An Elaborate Node Network 

If you’re a user of the dark web, then you’re already familiar with the Tor browser. Most online users enter the dark web through this encrypted browser. While exploring the internet using Tor, the user will enjoy a layer of anonymity, as the user’s true IP address remains hidden through the Tor network. And, for those collecting open source intelligence, browsing online without creating an obvious technical fingerprint means more obscured investigations. 

The Tor network is comprised of an intricate network of relays, also known as nodes. Each bit of traffic that passes through the Tor network transitions through different types of nodes for optimum security.  

When first entering the Tor network, you will enter through a guard node. The owners of these entry nodes can see your true IP address as you connect.  

After entering the network, you would typically transition through at least two middle relay nodes. Middle relay nodes receive online traffic, then pass it on to another node. Middle nodes typically achieve faster network speeds and provide some obscurity for hiding the user’s actual IP address.  

Just as the Tor network contains entry nodes, it also contains exit nodes. These are the last nodes traffic will transition through prior to reaching its final destination. As traffic will pass through these nodes last, the traffic will appear to have originated at the exit node’s IP address.  

One final type of Tor node is a bridge. A bridge node is an alternative entry point to the Tor network that is not listed publicly. These types of nodes can be accessed safely from your home or organization’s network. More crucially, these nodes can be used for a specific online mission: highly advanced open source intelligence collection.  

Tor Bridges: Circumventing Cyber Scrutiny 

Most Tor nodes appear publicly online. This makes them susceptible to blocking by organizations that wish to prevent anyone from accessing the dark web. Similarly, anyone on the internet can download and access these Tor nodes—which means, anyone could potentially discover the node you’re using. However, bridge nodes provide an additional layer of anonymity: Since they don’t appear on any public lists, bridge nodes are more difficult for random online users—or even skilled adversaries—to identify.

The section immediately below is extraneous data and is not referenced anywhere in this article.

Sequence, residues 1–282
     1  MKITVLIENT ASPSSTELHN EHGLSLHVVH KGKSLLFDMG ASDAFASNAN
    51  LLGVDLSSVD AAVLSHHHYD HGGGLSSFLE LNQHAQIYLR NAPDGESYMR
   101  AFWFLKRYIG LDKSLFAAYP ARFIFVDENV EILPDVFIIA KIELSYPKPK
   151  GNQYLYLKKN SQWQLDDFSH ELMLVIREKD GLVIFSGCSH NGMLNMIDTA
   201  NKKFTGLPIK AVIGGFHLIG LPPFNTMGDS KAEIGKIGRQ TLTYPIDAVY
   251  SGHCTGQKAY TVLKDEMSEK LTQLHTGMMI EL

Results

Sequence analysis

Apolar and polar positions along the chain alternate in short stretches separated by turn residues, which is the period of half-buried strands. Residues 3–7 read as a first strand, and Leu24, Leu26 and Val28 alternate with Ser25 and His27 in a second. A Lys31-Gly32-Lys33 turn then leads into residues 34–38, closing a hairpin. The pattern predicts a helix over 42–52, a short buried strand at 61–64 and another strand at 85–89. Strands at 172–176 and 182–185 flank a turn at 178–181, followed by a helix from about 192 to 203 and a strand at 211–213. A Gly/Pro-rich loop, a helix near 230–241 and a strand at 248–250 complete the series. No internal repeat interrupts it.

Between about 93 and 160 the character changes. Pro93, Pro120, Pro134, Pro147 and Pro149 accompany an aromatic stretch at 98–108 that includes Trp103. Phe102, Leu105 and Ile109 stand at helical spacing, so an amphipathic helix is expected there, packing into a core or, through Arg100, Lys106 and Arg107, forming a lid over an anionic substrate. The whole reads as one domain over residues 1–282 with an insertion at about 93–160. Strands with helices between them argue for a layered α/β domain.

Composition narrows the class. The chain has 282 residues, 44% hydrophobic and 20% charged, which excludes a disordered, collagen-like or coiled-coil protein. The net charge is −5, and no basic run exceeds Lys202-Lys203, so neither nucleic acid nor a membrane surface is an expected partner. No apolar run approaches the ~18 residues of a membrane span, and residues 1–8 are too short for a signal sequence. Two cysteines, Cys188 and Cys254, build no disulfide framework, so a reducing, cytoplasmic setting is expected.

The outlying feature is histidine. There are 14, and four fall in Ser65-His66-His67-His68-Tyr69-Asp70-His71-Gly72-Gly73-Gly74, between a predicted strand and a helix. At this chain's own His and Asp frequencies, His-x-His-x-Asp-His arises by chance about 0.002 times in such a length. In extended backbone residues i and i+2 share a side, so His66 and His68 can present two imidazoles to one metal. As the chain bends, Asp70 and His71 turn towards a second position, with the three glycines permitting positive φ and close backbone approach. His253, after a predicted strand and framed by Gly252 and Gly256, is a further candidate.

Through the use of bridge nodes, online operators may experience increased security when browsing within the Tor network. Though an additional layer of security might seem unnecessary while working with an encrypted browser, the Tor network does not provide total obscurity or safety; in fact, hackers can overtake these nodes. Once nodes find themselves in the hands of hackers, every user who accesses the node will be at risk of the hacker exploiting that access and uncovering their investigations. In this case, bridge nodes might serve as a safer option for Tor access, since they’re not so easily recognized.  

But there’s a huge misconception surrounding the safety of Tor. Bridge nodes still don’t offer a full-proof solution for secure online research. While Tor bridges might increase your anonymity when performing dark web research, you won’t appear entirely off the grid. In fact, your investigative activities and identity could still be at risk of discovery. Online entities, such as third-party sites, can track your digital trail—the digital artifacts you leave behind when browsing the web. Hackers can also take over the node you’re accessing, like we mentioned earlier. You need a way to manage your attribution, perform research, and protect yourself from innocuous or malicious online actors. A platform that masks your digital fingerprint as you collect data provides the most effective and secure solution, particularly for OSINT operators navigating the Tor network. 

Implementing Bridge Nodes for Online Research

As bridge nodes are not public, you must request to use them. You can access bridge nodes by visiting the Tor Project’s bridge nodes page, by emailing the Tor Project, or by leveraging Moat to grab bridge nodes from the Tor browser. Once you have gained access to these nodes, you may begin to perform more anonymous research on the dark web.  

Advanced OSINT Training: Use Tor Bridges

For OSINT operators, bridge nodes provide a potentially lesser-known option for increased anonymity during the collection of dark web information. Other advanced OSINT techniques include Google Dorking and using the Internet Archive for online research. You can also learn step-by-step instructions on subjects like Tor Bridges from our cyber experts at the Academy—just attend a virtual training webinar. However, the ultimate way to manage your attribution while using the Tor browser is by using a comprehensive platform, like Nfusion.